Call-To-Action (CTA) – the first step in turning a website visitor into a lead. A call-to-action is an advertisement for a piece of content; this could be a webinar, an ebook, a white paper, or another high value piece of content. This piece of content is hidden behind a landing page. When a visitor sees a call-to-action and clicks on it, they are taken to the landing page where they are asked to complete a form in order to access the desired content. The visitor’s information is then stored on a Marketing Automation platform and the visitor becomes a lead. Call-to-actions fit into the consideration stage of the buyer’s journey and the convert stage of the inbound methodology.
Campaign – a way of organizing marketing efforts. Often b2b marketers will use some combination of marketing tools (webinars, ebooks, white papers, press releases, events, keywords, blogs, keywords, social media messages, and buyer personas) for one unified purpose. All the tools that are used for the one purpose are categorized as a campaign. For example, if a backhoe manufacturer wanted to promote a new model of backhoes they could create a campaign by writing an ebook about the new model, releasing a webinar showing people how to use the backhoe, write blogs that highlight sections of the ebook that are particularly relevant to certain buyer personas, and then promote the blogs, webinar, and ebook through social media.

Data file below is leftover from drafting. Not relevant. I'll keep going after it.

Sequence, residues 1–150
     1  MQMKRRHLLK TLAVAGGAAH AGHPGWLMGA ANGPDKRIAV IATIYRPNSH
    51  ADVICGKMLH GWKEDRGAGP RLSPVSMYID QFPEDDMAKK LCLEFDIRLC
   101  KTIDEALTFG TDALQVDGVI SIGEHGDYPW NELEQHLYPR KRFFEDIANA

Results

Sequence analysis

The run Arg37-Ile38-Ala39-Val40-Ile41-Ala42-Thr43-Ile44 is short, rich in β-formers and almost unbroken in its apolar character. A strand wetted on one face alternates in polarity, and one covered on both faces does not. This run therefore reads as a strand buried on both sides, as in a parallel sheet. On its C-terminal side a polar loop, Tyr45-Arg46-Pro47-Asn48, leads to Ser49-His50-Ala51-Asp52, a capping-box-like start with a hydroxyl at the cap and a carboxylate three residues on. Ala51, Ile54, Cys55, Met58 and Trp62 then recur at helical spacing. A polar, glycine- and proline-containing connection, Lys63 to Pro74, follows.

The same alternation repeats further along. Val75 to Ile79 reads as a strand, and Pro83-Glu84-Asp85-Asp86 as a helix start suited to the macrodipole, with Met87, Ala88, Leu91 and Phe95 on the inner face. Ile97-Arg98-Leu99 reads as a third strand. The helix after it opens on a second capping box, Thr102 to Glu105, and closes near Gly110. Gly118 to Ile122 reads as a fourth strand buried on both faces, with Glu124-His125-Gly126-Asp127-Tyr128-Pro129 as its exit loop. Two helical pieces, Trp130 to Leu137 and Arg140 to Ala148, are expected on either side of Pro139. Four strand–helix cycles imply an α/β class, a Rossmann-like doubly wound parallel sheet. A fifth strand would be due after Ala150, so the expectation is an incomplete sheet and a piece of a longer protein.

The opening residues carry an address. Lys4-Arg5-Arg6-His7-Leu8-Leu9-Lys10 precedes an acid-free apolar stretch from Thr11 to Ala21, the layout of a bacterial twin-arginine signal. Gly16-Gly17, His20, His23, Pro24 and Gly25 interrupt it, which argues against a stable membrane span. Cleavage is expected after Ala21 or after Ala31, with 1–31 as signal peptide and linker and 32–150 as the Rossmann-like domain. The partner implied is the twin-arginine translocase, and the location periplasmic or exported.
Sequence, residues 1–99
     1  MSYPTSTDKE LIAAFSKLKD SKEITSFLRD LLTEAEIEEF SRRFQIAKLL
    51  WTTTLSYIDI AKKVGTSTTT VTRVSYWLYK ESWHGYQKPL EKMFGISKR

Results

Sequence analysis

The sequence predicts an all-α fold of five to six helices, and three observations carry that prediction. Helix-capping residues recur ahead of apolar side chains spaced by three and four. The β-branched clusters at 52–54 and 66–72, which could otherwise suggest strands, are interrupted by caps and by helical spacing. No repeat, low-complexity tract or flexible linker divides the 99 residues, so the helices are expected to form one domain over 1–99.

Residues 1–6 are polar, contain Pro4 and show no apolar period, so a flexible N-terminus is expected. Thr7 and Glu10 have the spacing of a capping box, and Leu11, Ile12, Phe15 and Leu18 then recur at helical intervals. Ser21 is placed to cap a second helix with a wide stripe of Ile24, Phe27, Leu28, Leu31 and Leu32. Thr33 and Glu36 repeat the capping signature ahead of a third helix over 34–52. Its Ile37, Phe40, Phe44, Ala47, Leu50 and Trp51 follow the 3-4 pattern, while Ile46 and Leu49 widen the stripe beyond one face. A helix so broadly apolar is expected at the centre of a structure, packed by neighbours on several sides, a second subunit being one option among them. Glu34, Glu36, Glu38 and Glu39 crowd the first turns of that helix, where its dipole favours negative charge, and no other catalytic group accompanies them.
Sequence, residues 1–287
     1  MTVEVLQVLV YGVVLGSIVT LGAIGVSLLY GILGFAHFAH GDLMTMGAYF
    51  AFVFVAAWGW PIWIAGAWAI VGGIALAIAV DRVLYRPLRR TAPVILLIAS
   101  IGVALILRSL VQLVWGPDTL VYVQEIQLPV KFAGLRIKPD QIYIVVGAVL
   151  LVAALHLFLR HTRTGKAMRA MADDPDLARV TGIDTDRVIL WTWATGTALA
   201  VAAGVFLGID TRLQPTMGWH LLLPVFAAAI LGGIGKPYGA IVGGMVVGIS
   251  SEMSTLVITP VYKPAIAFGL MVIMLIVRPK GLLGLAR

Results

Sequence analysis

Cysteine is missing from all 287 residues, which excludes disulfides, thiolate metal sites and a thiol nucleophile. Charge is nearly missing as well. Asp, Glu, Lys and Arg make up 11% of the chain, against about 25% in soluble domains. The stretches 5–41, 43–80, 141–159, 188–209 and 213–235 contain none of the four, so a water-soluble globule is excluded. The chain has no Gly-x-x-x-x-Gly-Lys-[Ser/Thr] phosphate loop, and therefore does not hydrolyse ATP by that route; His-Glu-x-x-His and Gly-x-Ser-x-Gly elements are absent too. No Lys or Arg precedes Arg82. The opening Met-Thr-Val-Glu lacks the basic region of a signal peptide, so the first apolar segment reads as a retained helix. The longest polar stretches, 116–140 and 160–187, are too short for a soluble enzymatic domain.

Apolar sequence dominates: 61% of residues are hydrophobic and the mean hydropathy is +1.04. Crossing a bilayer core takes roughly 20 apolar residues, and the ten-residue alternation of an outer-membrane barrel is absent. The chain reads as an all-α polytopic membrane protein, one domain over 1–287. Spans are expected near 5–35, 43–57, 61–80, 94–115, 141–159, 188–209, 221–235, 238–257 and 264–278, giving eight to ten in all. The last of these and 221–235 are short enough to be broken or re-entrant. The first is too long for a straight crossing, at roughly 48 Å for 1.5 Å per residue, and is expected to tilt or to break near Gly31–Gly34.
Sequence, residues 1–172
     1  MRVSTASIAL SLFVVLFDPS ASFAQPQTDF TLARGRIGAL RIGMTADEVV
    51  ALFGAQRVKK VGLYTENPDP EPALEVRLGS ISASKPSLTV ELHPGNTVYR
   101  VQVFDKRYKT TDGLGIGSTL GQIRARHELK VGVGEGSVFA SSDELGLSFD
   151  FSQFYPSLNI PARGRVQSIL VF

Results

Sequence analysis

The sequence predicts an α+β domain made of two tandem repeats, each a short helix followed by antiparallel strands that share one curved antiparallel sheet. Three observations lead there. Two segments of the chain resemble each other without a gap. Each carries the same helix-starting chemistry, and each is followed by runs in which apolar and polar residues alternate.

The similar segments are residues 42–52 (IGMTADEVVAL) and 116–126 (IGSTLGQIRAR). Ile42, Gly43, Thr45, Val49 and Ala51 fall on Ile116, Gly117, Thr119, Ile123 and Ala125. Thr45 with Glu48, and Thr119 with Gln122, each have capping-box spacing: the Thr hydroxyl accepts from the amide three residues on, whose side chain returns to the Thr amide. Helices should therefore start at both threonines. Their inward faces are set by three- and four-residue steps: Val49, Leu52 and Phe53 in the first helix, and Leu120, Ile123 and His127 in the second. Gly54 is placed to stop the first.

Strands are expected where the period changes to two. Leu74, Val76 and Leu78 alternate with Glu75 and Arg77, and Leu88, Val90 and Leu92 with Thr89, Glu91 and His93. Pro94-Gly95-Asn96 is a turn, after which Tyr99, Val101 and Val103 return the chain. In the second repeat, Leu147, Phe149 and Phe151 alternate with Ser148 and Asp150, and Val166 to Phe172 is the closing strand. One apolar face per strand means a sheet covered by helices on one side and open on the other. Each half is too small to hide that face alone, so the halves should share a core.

*Channel Partner – A company or person that partners with a manufacturer or producer to market the manufacturer’s products, services, or technologies. A value added reseller (VAR) is an example of a channel partner.
*Chief Marketing Officer (CMO) – The head of everything marketing at a company. They usually report to the CEO.
*Click Through Rate (CTR) – the percentage of people that view an add that click on it. A useful metric for measuring the effectiveness of a call-to-action or a pay-per-click add.
Cold Calling – a form of outbound marketing where a person calls random people that may or may not be interested in hopes to sell them a product or service. As you probably know from experience, people don’t like receiving cold calls.